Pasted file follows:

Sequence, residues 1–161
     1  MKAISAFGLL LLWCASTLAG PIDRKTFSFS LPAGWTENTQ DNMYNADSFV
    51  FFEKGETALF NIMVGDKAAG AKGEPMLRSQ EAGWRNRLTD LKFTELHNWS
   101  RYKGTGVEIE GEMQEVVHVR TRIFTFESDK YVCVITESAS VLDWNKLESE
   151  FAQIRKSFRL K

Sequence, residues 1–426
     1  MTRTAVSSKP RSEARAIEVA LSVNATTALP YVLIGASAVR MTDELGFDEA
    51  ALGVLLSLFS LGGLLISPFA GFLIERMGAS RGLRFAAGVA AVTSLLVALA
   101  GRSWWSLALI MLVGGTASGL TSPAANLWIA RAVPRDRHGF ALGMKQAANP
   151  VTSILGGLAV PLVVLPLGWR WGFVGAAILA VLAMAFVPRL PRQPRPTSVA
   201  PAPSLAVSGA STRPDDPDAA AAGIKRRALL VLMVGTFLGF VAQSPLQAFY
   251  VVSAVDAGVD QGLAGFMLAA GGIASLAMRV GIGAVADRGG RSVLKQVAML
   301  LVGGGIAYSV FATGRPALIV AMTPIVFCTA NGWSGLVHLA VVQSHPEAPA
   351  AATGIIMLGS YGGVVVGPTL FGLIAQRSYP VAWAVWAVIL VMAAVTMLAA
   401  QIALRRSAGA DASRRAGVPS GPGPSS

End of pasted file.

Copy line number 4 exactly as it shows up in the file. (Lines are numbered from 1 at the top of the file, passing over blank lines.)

   101  RYKGTGVEIE GEMQEVVHVR TRIFTFESDK YVCVITESAS VLDWNKLESE